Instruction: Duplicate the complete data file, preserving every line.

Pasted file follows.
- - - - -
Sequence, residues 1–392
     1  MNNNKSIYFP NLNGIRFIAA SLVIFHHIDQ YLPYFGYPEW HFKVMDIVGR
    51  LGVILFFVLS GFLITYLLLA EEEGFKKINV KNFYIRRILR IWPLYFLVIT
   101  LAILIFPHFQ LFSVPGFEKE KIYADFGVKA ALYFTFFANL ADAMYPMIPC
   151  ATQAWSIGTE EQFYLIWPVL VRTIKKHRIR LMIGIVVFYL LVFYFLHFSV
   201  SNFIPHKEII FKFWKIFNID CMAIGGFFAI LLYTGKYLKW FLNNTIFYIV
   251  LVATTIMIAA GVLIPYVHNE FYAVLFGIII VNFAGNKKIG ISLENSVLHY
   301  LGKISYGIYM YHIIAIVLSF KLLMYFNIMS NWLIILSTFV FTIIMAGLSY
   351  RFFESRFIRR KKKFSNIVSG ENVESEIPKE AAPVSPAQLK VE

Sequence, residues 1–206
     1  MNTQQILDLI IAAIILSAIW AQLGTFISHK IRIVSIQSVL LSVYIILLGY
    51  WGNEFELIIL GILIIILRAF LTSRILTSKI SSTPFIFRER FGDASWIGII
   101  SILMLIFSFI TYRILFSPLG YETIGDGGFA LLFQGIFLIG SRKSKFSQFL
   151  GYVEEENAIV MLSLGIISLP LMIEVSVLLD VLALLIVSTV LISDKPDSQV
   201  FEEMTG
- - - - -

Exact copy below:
Sequence, residues 1–392
     1  MNNNKSIYFP NLNGIRFIAA SLVIFHHIDQ YLPYFGYPEW HFKVMDIVGR
    51  LGVILFFVLS GFLITYLLLA EEEGFKKINV KNFYIRRILR IWPLYFLVIT
   101  LAILIFPHFQ LFSVPGFEKE KIYADFGVKA ALYFTFFANL ADAMYPMIPC
   151  ATQAWSIGTE EQFYLIWPVL VRTIKKHRIR LMIGIVVFYL LVFYFLHFSV
   201  SNFIPHKEII FKFWKIFNID CMAIGGFFAI LLYTGKYLKW FLNNTIFYIV
   251  LVATTIMIAA GVLIPYVHNE FYAVLFGIII VNFAGNKKIG ISLENSVLHY
   301  LGKISYGIYM YHIIAIVLSF KLLMYFNIMS NWLIILSTFV FTIIMAGLSY
   351  RFFESRFIRR KKKFSNIVSG ENVESEIPKE AAPVSPAQLK VE

Sequence, residues 1–206
     1  MNTQQILDLI IAAIILSAIW AQLGTFISHK IRIVSIQSVL LSVYIILLGY
    51  WGNEFELIIL GILIIILRAF LTSRILTSKI SSTPFIFRER FGDASWIGII
   101  SILMLIFSFI TYRILFSPLG YETIGDGGFA LLFQGIFLIG SRKSKFSQFL
   151  GYVEEENAIV MLSLGIISLP LMIEVSVLLD VLALLIVSTV LISDKPDSQV
   201  FEEMTG